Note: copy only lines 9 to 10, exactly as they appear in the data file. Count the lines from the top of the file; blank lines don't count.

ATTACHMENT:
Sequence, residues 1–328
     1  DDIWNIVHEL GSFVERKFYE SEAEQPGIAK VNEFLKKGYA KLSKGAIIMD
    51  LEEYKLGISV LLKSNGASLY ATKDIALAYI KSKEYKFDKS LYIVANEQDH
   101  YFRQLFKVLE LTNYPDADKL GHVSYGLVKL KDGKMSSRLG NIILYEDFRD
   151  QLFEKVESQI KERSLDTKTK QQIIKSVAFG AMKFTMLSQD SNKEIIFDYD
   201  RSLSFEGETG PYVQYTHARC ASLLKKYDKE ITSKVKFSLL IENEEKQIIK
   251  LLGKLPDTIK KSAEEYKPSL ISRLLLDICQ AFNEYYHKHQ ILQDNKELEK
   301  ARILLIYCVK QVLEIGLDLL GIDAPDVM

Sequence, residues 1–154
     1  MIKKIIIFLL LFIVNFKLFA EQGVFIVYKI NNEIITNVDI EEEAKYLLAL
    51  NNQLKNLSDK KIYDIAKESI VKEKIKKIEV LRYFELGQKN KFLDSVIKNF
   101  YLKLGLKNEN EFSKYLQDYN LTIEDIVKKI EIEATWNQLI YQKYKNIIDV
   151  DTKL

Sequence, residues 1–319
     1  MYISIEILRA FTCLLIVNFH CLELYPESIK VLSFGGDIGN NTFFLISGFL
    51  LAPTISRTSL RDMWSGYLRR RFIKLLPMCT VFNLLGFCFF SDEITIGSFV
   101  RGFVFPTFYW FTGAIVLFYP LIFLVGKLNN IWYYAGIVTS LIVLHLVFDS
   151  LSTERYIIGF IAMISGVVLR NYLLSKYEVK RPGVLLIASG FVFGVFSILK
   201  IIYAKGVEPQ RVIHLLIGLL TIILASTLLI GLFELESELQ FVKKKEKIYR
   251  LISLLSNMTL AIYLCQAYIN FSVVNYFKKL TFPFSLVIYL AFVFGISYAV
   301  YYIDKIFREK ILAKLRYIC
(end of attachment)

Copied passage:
Sequence, residues 1–154
     1  MIKKIIIFLL LFIVNFKLFA EQGVFIVYKI NNEIITNVDI EEEAKYLLAL